CNN chief White House correspondent Jim Acosta poked fun at President Donald Trump’s Tuesday night address on border security, saying that the message should have carried a warning that it was “hazardous to the truth.”
Acosta spoke with CNN’s Chris Cuomo shortly after the speech aired and offered his take on the president’s remarks.
“Well Chris, I think that address probably should have come with a surgeon general’s warning — it was hazardous to the truth,” he said, garnering subdued laughter from Cuomo. “There were a number of claims that the president made that just are not going to stand up to the facts, you’ve mentioned a couple of them.”
Acosta listed Trump’s repeated claim that a new trade deal with Mexico will pay for the cost of the wall as one of the bigger inaccuracies in the president’s remarks.
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He further dismissed the address as being “recycled rhetoric from the president’s rallies” and said that Trump echoed his very first campaign speech in conflating undocumented immigrants with killers and criminals.
The July 2015 speech from Trump Tower kicked off the hardline immigration rhetoric that propelled the president to the White House. Trump infamously demonized immigrants entering the United States from Mexico:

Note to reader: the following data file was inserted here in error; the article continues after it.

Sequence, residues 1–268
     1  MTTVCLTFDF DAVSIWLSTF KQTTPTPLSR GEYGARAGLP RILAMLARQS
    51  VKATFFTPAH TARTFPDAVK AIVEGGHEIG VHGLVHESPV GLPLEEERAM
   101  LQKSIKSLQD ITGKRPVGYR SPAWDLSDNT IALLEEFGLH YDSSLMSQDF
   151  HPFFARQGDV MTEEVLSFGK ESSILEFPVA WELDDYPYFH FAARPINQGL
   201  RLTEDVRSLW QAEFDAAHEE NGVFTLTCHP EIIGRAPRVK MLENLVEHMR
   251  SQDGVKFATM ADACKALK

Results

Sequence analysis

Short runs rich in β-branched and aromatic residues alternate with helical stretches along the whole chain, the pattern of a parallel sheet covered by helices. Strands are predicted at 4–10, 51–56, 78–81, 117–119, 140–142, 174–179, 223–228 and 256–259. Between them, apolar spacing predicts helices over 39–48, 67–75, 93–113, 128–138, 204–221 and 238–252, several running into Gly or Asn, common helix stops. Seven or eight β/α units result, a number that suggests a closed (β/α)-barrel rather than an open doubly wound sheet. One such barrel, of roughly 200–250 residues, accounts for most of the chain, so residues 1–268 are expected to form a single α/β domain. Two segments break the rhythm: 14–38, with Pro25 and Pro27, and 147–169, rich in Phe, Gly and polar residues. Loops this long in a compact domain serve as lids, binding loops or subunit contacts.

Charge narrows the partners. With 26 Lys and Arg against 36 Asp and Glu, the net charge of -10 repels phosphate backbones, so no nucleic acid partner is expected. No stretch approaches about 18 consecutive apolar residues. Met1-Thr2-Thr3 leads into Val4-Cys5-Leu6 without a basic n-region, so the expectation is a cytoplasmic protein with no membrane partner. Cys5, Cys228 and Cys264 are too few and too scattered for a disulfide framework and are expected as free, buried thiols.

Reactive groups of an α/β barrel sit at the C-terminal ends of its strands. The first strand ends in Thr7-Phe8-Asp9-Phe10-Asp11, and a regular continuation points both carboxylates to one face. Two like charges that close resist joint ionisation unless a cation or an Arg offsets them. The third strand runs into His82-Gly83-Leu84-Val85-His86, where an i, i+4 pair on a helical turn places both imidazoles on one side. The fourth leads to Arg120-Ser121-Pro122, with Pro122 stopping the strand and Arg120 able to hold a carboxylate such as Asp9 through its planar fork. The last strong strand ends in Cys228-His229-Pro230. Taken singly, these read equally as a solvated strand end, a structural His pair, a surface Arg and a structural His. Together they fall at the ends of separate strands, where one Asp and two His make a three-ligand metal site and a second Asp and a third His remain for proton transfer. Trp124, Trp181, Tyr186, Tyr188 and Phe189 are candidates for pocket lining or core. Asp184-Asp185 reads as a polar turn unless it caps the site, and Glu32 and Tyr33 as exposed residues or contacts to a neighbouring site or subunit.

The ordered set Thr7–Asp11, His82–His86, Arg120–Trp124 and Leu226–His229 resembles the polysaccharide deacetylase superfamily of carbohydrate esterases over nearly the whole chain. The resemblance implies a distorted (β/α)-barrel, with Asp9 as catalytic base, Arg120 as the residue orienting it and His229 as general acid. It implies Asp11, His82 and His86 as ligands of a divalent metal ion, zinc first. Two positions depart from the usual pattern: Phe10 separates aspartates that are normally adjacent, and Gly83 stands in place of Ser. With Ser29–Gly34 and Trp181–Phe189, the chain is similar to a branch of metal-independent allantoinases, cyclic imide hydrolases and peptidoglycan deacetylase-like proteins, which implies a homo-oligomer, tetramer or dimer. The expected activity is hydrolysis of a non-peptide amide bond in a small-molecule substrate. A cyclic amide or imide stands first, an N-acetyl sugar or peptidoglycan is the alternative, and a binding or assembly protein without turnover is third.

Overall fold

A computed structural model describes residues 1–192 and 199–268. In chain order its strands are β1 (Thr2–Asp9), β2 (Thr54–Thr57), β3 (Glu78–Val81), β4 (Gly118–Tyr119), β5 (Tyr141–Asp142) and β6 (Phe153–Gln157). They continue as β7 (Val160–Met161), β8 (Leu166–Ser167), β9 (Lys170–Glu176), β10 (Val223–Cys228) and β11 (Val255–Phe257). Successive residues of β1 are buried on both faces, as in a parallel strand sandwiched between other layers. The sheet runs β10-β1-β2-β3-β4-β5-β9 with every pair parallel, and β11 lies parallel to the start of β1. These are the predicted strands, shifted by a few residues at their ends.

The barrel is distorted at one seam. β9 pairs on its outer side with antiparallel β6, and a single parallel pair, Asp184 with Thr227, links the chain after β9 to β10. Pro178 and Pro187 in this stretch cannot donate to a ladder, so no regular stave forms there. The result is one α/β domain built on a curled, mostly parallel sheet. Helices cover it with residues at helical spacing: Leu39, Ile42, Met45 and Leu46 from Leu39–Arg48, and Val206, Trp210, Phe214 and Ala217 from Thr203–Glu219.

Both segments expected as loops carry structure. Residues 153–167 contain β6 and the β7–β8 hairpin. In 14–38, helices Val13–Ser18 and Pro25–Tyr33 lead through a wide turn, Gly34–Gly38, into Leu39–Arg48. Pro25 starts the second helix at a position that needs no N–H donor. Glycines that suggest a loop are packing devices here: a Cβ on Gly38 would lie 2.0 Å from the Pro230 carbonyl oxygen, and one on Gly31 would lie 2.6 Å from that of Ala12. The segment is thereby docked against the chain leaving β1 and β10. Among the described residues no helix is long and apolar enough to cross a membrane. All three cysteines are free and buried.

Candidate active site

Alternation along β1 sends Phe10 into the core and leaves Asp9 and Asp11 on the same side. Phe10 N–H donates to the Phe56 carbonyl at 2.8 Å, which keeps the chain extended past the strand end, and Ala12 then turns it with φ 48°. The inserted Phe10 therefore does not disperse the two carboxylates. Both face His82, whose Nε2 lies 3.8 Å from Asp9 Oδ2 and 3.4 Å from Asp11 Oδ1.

“When Mexico sends its people, they’re not sending their best. They’re not sending you. They’re not sending you. They’re sending people that have lots of problems, and they’re bringing those problems with us. They’re bringing drugs. They’re bringing crime. They’re rapists. And some, I assume, are good people.”
That speech was also the origin of the hallmark Trump campaign promise that has now put the federal government into a partial shutdown for nearly three weeks.
“I would build a great wall, and nobody builds walls better than me, believe me, and I’ll build them very inexpensively, I will build a great, great wall on our southern border,” he said at the time. “And I will have Mexico pay for that wall.”
While Trump remains largely committed to the idea of a new wall on the southern border, the notion that Mexico would foot the bill has never evolved past an unrealistic campaign refrain.
“Not much has changed in terms of the president’s rhetoric on this, and I think that was pretty clear in this speech,” Acosta said on Tuesday of the way Trump described undocumented immigrants on the southern border.